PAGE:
Limitations imposed by conventional fine bubble diffusers on the design of a high-loaded membrane bioreactor (HL-MBR)

  • Sang Yeob Kim
  • Hector A. GarciaEmail author
  • Carlos M. Lopez-Vazquez
  • Chris Milligan
  • Dennis Livingston
  • Aridai Herrera
  • Marin Matosic
  • Josip Curko
  • Damir Brdjanovic
Appropriate Technologies to Combat Water Pollution


The operation of membrane bioreactors (MBRs) at higher than usual mixed liquor suspended solids (MLSS) concentrations may enhance the loading rate treatment capacity while minimizing even further the system’s footprint. This requires operating the MBR at the highest possible MLSS concentration and biomass activity (e.g., at high loading rates and low solid retention times (SRTs)). Both a negative effect of the MLSS concentrations and a positive effect of the SRT on the oxygen transfer have been reported when using conventional fine bubble diffusers. However, most of the evaluations have been carried out either at extremely high SRTs or at low MLSS concentrations eventually underestimating the effects of the MLSS concentration on the oxygen transfer. This research evaluated the current limitations imposed by fine bubble diffusers in the context of the high-loaded MBR (HL-MBR) (i.e., high MLSS and short SRT—the latter emulated by concentrating municipal sludge from a wastewater treatment plant (WWTP) operated at a short SRT of approximately 5 days). The high MLSS concentrations and the short SRT of the original municipal sludge induced a large fraction of mixed liquor volatile suspended solids (MLVSS) in the sludge, promoting a large amount of sludge flocs that eventually accumulated on the surface of the bubbles and reduced the free water content of the suspension. Moreover, the short SRTs at which the original municipal sludge was obtained eventually appear to have promoted the accumulation of surfactants in the sludge mixture. This combination exhibited a detrimental effect on the oxygen transfer. Fine bubble diffusers limit the maximum MLSS concentration for a HL-MBR at 30 g L−1; beyond that point is either not technically or not economically feasible to operate; an optimum MLSS concentration of 20 g L−1 is suggested to maximize the treatment capacity while minimizing the system’s footprint.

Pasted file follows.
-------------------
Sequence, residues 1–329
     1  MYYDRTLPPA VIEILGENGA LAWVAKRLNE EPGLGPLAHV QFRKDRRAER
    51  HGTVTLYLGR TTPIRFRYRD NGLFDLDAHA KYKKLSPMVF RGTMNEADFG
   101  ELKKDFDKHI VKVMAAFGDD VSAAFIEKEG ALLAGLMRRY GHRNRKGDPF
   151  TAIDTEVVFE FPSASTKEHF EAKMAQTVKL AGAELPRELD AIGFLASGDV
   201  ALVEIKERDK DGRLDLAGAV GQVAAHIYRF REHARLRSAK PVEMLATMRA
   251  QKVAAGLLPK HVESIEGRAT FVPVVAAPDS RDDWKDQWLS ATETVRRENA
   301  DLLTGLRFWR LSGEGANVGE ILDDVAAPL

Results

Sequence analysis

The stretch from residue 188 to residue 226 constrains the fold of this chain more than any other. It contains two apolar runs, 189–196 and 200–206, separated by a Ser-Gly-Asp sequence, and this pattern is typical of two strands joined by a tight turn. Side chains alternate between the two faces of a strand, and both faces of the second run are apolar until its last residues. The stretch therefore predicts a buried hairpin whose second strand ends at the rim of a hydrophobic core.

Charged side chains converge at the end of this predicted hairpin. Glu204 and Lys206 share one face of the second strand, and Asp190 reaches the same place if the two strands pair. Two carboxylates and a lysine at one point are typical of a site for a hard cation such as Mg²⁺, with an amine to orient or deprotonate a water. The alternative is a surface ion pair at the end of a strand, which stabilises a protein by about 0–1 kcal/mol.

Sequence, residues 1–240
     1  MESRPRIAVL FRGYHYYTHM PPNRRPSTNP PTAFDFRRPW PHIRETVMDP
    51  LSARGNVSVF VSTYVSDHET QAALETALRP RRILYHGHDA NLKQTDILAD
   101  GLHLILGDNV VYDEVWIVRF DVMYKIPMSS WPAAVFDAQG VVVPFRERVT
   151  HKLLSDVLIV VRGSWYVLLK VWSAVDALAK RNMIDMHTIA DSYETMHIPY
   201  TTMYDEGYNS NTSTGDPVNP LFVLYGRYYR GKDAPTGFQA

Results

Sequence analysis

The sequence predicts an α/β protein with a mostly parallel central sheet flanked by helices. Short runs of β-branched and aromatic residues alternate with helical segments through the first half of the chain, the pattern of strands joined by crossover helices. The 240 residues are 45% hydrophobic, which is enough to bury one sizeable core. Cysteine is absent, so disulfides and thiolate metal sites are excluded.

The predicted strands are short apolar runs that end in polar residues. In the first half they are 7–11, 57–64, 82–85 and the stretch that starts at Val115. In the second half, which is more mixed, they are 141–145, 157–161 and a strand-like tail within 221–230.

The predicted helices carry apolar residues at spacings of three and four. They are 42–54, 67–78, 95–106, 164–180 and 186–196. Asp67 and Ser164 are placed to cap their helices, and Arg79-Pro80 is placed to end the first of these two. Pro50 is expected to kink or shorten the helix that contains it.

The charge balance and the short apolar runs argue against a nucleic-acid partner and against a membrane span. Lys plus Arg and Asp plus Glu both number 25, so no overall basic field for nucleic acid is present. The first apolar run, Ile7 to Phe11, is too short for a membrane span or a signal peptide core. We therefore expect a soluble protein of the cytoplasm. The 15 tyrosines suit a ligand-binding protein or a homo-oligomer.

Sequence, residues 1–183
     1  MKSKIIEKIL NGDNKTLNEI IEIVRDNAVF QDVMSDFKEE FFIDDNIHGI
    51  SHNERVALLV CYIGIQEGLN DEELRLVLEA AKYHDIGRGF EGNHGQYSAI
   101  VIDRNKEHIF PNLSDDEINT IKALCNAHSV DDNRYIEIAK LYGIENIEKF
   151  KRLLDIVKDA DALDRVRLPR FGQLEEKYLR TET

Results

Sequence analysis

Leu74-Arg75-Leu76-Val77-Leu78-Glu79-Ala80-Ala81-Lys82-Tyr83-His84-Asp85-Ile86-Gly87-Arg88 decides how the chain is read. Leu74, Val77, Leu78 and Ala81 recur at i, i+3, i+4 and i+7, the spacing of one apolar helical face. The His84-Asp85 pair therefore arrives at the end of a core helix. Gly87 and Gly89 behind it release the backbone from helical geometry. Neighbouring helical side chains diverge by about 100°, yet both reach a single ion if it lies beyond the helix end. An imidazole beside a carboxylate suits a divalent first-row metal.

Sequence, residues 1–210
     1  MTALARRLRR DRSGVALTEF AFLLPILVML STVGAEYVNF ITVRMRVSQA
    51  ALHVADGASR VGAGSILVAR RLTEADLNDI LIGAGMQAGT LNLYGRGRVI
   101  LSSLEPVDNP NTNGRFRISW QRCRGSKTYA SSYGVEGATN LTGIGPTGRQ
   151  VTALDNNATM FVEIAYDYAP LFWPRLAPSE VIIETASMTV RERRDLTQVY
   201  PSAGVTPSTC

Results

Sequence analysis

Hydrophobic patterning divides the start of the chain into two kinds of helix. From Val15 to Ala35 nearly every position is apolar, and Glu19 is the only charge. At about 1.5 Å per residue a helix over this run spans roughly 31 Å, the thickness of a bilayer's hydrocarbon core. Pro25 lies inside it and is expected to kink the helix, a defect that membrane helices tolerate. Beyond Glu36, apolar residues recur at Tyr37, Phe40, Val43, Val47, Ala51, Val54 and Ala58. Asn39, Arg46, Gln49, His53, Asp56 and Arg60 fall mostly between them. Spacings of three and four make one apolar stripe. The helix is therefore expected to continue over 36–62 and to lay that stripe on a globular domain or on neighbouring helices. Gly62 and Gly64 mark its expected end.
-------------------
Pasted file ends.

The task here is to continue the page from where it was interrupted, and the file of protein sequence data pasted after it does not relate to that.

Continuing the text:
Bubble diffusers High-loaded membrane bioreactor High mixed liquor suspended solids Sludge retention time Sludge stabilization Alpha factor 


Funding information

The authors would like to thank BlueInGreen LLC, and OVIVO Water—MBR systems for their financial support for conducting this research.

Compliance with ethical standards

Conflict of interest

The authors declare that they have no conflict of interest.


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Copyright information

© Springer-Verlag GmbH Germany, part of Springer Nature 2019

Authors and Affiliations

  • Sang Yeob Kim
    • 1
    • 2
  • Hector A. Garcia
    • 1
    Email author
  • Carlos M. Lopez-Vazquez
    • 1
  • Chris Milligan
    • 3
  • Dennis Livingston
    • 4
  • Aridai Herrera
    • 5
  • Marin Matosic
    • 6
  • Josip Curko
    • 6
  • Damir Brdjanovic
    • 1
    • 2
  1. 1.Department of Environmental Engineering and Water TechnologyIHE Delft Institute for Water EducationDelftThe Netherlands
  2. 2.Department of BiotechnologyDelft University of TechnologyDelftThe Netherlands
  3. 3.BlueInGreen, LLCFayettevilleUSA
  4. 4.OVIVO Water - MBR SystemsAustinUSA
  5. 5.HAC Group, LLCKansas CityUSA
  6. 6.Faculty of Food Technology and BiotechnologyUniversity of ZagrebZagrebCroatia

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